and outcome indicatorsóideally covering all projects and parts of the 
national transportation network, as well as all modesó is often absent 
or flawed. For example, DOT does not have a central source of data on 
congestionóthe available data are stovepiped by modeóand some 
congestion information for freight rail is inaccessible because it is 
proprietary and controlled by railroad companies. Better oversight and 
data on outcomes would be needed in order to ensure efficient use of 
funds and to consider performance in funding decisions. 

Theme: 

The majority of the proposals we reviewed recommended using performance 
and accountability measures in the nationís surface transportation 
programs. 

Suggestions: 

Proposals we reviewed generally highlight the need to incorporate 
performance-based funding into surface transportation programs. In its 
proposal, T4America offers possible performance measures for funding 
transportation investments, such as reductions in carbon emission, 
energy use, and fatalities and injuries; system condition and life-
cycle costs; decreased household transportation expenditures; or 
improved access to jobs. The Bipartisan Policy Centerís report 
describes steps needed for performance-based funding: 

* Create detailed metrics that effectively measure performance. 

* Prioritize performance metrics based on research. Once metrics have 
been developed, it will be important to prioritize them based on the 
goals for national transportation policy. 

* Develop mechanisms for linking federal funding to performance 
indicators. 

The Bipartisan Policy Centerís report also recognizes the challenges 
associated with designing performance-based surface transportation 
programs. For example, congestion and safety are often referred to as 
key performance indicators for the surface transportation network, but 
it could be challenging for policymakers to determine how to 
effectively measure congestion and safety outcomes and how they are 
relatively weighted against and related to other possible goals, such 
as reduced carbon emissions, energy security, or economic growth. 
Furthermore, how performance metrics are linked to funding is crucial,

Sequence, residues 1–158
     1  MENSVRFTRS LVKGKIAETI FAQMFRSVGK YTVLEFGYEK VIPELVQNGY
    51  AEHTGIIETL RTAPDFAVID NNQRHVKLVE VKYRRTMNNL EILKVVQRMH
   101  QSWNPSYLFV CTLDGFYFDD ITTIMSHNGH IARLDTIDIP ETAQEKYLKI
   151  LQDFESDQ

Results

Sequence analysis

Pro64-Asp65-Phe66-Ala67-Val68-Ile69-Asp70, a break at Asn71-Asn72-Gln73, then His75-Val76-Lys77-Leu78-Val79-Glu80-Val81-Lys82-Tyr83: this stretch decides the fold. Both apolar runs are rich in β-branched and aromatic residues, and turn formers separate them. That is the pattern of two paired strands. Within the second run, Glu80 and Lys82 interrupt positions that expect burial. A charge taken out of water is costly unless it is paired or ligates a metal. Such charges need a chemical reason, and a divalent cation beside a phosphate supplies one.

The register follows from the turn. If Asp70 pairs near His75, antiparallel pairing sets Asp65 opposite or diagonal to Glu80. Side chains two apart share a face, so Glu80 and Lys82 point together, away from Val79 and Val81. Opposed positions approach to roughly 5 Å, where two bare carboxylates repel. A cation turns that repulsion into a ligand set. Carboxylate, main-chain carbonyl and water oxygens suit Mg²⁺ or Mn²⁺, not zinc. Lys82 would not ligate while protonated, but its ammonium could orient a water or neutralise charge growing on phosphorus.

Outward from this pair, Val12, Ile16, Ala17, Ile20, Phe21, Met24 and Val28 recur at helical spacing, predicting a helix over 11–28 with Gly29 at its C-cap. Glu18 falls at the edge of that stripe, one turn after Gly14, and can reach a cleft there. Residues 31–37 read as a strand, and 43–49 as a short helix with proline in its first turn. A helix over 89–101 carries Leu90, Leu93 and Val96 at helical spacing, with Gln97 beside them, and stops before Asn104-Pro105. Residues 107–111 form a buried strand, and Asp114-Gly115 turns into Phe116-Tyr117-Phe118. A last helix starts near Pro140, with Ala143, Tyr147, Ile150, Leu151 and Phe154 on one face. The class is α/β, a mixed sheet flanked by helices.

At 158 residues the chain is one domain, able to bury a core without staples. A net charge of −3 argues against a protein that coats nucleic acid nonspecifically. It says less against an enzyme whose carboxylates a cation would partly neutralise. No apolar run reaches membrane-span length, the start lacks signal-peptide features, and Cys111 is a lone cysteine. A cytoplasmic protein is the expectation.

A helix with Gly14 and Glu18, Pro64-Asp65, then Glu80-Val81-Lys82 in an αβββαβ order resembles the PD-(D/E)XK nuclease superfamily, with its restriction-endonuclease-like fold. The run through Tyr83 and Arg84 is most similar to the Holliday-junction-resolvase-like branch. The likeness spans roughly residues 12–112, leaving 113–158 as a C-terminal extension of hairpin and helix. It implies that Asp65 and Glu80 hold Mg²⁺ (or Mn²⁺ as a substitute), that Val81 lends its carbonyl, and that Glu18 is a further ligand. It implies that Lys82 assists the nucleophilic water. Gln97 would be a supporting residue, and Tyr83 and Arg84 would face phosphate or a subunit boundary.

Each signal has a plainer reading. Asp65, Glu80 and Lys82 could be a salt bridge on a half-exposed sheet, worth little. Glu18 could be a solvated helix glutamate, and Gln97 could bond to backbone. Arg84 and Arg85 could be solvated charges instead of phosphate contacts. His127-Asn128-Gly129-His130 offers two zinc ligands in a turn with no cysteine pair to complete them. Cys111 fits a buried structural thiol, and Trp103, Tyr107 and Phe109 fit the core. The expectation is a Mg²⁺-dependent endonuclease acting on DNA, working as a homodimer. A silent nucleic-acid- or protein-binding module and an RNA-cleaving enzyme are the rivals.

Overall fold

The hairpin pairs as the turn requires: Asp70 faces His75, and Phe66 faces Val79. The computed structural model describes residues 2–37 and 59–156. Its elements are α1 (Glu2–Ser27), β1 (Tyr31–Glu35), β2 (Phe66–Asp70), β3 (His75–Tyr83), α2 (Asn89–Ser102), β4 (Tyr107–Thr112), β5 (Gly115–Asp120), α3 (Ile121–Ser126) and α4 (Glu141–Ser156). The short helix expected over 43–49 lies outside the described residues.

according to the Bipartisan Policy Centerís report. For example, 
policymakers would need to determine whether allocating funding for 
states with high levels of congestion would encourage congestion. On 
the other hand, funding for states with little or no congestion may be 
difficult to justify. Policymakers are unlikely to support new 
performance indicators unless they understand how these indicators will 
be used and how they will affect future funding decisions. 

Proposals also highlight the need for more comprehensive data to 
support performance and accountability programs. The Brookings 
Institution proposal stresses that in order to commit to a performance-
based transportation program, a major overhaul is needed in how the 
federal government collects, assembles, and provides data and 
information. Additionally, the Brookings Institution proposal advocates 
more transparent transportation data to better inform decision making 
at the state and metropolitan levels and to restore credibility with 
the public. Furthermore, the Policy Commissionís report recommends the 
establishment of a national research, development, and technology 
program given the fundamental importance of good performance data and 
modeling to all aspects of surface transportation programs. An 
important goal for research would be to improve the nationís ability to 
measure project performance, including research into improved traffic, 
safety, environmental, and energy modeling. 

Common Themes: Use Multiple Funding Sources: 

What GAO Has Said: 

We have previously reported that there is a need to address 
transportation funding challenges in the short and long term and no 
single mechanism will solve the existing and future funding crisis 
facing the nationís transportation system (see fig. 3). [Footnote 17] 
Participants in our 2007 forum on transportation policy generally 
agreed that it will take a variety of funding mechanisms to address 
projected transportation funding shortfalls. They said that the size 
and nature of the funding problems facing the transportation system 
simply cannot be solved by one mechanism. Participants said that the 
federal government needs to use its leverage with state and local 
transportation agencies to support the implementation of pricing 
initiatives, which some localities and regions currently are studying 
or are interested in adopting. In general, participants agreed that 
whatever funding mechanisms are chosen, investments should be designed 
to align fees and taxes with use and benefits and be better linked to 
the performance of all aspects of the transportation system. 
Participants suggested a variety of funding mechanisms, including: 

* taxes; 
* congestion pricing; 
* tolling; 
* public-private partnerships, and; 
* other user fees. 

Theme: 

The majority of the proposals we reviewed highlighted a need for 
multiple funding sources to ensure the long-term sustainability of the 
nationís surface transportation system. 

Suggestions: 

Proposals we reviewed acknowledged that more than one source of funding 
will be needed to support surface transportation programs. For example, 
in its report, the Policy Commission noted that during its research,